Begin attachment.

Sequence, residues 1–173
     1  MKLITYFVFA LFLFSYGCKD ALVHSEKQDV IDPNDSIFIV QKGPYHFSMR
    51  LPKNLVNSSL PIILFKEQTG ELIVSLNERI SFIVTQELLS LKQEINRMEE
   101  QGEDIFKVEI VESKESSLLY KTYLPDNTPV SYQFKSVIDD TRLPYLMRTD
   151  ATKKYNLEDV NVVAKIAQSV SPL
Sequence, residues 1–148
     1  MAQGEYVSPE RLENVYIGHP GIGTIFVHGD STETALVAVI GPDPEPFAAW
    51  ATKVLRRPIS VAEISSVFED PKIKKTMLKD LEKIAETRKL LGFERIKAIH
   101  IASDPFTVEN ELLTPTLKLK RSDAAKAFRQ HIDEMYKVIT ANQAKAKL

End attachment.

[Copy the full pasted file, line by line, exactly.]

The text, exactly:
Sequence, residues 1–173
     1  MKLITYFVFA LFLFSYGCKD ALVHSEKQDV IDPNDSIFIV QKGPYHFSMR
    51  LPKNLVNSSL PIILFKEQTG ELIVSLNERI SFIVTQELLS LKQEINRMEE
   101  QGEDIFKVEI VESKESSLLY KTYLPDNTPV SYQFKSVIDD TRLPYLMRTD
   151  ATKKYNLEDV NVVAKIAQSV SPL
Sequence, residues 1–148
     1  MAQGEYVSPE RLENVYIGHP GIGTIFVHGD STETALVAVI GPDPEPFAAW
    51  ATKVLRRPIS VAEISSVFED PKIKKTMLKD LEKIAETRKL LGFERIKAIH
   101  IASDPFTVEN ELLTPTLKLK RSDAAKAFRQ HIDEMYKVIT ANQAKAKL